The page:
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My definitive guide to DIY Christmas lights with Arduino, Vixen and WS2811 RGB LEDs


CrackedConsole
(@crackedconsole)
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Joined: 2 years ago
Posts: 356
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(Currently a work in progress)

My definitive guide to DIY Christmas lights with Arduino, Vixen and WS2811 RGB LEDs

 


Planning and design


First things first, we want to get a picture of our house, this will allow us to layout a design we are trying to achieve, and using something as simple as Paint we can draw lines where LEDs or props may go.
Be sure to keep an untouched copy of your house, as we can also use this in Vixen Lights to overlay a demo show over (more to come on this topic)

House Small
House Small lines

Once you've drawn out where you would like to have LEDs/lights, the next step is to take physical measurements of each spot, such as gutters, roof lines etc. Where ever you want your lights, this will allow us to plan for LED counts and lengths.

In our outline lighting example, we going to use WS2811 RGB LEDs, these are 12v LEDs and the ones I used were spaced 2.5 inches apart (the description states 2.7-2.9 inch spacing, but we utilize them with 2.5 inch spaced mounting strips.)

500 pack of WS2811 RGB LEDs - 12v

61Xpp Zzs4L. AC SL1000

To mount these LEDs to the house, I used a few items;

PixNode mounting strips with 2.5 inch spacing

767 7

LED Pixel Pliers (these make a world of difference when pushing all of the LEDs into the mounting strips)

31eKxSaL7uL. AC

For mounting them to the house, I used either 3M Command Strips or Eyelet Screws and secured them together with a mix of 4 inch Zip ties and 8 inch Zip ties.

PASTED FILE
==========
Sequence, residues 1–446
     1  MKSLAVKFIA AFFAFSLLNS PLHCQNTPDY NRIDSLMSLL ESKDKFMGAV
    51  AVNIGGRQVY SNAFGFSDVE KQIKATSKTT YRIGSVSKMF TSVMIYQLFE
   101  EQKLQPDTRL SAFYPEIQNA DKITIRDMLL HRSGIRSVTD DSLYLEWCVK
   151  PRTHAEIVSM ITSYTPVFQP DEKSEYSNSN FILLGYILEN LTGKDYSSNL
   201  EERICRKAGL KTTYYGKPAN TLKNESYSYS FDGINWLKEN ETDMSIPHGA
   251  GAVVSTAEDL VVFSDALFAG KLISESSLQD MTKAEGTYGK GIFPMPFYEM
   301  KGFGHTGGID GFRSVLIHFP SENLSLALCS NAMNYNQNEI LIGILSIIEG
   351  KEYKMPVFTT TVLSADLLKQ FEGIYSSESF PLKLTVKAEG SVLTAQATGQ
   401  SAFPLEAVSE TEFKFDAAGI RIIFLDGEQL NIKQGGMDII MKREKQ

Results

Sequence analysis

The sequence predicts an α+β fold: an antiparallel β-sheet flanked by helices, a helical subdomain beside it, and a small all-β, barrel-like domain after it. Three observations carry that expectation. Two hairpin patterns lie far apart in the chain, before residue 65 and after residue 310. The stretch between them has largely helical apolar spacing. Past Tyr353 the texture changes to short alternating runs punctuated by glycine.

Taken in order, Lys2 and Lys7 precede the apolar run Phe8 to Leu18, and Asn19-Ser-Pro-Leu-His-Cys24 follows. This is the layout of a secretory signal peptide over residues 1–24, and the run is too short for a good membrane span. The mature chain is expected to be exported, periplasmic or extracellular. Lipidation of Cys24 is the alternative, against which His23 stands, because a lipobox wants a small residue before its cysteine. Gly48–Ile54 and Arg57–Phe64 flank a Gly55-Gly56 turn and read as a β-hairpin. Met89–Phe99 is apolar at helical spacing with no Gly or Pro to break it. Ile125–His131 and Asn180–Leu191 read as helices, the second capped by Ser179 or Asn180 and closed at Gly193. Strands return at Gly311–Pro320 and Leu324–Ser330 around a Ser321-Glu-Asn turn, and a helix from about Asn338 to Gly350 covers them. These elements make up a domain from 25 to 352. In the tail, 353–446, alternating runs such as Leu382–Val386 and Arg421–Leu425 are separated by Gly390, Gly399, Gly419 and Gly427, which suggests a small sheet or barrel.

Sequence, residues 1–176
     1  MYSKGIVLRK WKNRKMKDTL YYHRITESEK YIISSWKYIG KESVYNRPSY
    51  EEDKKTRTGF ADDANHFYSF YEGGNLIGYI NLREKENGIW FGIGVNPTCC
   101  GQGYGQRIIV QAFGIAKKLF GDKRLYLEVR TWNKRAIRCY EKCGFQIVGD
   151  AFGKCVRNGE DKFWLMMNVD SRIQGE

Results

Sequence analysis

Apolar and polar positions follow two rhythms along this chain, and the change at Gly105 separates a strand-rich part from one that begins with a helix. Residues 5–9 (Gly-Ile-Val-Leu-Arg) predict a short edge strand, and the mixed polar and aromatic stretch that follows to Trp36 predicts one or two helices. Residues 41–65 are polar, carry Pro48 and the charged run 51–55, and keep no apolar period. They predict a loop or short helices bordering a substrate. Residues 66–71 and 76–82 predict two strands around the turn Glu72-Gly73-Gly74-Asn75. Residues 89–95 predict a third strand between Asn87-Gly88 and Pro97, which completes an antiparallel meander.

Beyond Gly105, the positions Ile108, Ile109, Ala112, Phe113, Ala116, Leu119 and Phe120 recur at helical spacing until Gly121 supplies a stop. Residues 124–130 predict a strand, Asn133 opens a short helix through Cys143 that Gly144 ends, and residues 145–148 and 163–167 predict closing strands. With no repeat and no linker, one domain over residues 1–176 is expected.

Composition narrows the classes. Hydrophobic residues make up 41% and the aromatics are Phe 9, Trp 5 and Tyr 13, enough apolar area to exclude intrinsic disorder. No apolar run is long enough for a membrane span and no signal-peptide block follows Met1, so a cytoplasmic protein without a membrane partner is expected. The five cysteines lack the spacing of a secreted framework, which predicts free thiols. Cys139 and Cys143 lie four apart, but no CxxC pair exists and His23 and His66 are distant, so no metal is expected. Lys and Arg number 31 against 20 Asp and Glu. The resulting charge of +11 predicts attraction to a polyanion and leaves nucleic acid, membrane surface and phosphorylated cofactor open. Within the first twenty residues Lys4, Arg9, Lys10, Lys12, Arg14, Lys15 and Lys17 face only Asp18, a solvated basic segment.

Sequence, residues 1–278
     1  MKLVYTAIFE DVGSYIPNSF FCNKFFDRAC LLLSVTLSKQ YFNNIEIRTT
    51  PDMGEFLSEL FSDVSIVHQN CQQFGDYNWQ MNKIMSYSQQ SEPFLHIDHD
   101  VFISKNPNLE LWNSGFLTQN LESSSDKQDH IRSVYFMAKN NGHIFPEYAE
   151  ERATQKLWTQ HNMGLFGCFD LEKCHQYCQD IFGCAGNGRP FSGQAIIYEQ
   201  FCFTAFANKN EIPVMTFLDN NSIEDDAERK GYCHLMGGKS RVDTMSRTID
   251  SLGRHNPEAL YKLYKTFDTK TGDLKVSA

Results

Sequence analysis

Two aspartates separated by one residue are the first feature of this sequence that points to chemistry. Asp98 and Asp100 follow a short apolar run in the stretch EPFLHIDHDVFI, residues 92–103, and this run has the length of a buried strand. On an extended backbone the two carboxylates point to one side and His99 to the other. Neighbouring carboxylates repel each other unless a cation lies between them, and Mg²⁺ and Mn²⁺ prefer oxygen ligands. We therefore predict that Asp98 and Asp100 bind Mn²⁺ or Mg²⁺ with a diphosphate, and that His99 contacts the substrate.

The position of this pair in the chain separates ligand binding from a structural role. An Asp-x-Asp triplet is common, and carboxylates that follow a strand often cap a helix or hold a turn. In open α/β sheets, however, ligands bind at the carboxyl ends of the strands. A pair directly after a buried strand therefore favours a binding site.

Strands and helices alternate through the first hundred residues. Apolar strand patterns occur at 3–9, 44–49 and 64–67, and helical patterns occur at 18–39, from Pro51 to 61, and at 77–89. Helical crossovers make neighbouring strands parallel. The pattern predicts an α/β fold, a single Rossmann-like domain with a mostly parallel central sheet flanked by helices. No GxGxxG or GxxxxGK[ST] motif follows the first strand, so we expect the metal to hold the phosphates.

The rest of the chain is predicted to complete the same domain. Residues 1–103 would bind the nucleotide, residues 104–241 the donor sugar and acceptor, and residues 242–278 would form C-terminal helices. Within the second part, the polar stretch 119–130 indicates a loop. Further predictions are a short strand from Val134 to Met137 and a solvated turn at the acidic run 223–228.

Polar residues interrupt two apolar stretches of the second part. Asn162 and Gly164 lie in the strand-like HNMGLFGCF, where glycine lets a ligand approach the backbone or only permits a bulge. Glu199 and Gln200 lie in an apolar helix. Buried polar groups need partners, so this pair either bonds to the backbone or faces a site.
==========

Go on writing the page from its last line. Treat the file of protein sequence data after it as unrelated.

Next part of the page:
Taking the measurements for each strip of LEDs, measure them out onto the PixNode strips, adjusting where you need to considering the 2.5 inch spacing of the LEDs.

BE SURE to pay attention and mark or label what end of the LED strand is the input, and if you have to join more LEDs together, pay attention to the side that is the input.

For joining LEDs and LED strands to make 1 strip, as well as attaching the water proof connection ends, I used several types and sizes of water proof heat shrink.

2mm 3:1 shrink for small individual wires
8mm 3:1 shrink for medium bundles of wires or connectors
3/8ths inch 3:1 shrink for larger wires and bundles

as well as some water proof butt splice connections

22-16 gauge
16-14 gauge

Lastly, to complete each strand of LEDs I used the following waterproof connections;

BTF Lighting small 3 Pin water proof LED connector

61tNa1eoUgL. AC SL1100

Please bear in mind, this may not be an industry standard for compatibility with other systems or devices, just what I happened to pick at the time when I was setting up my display.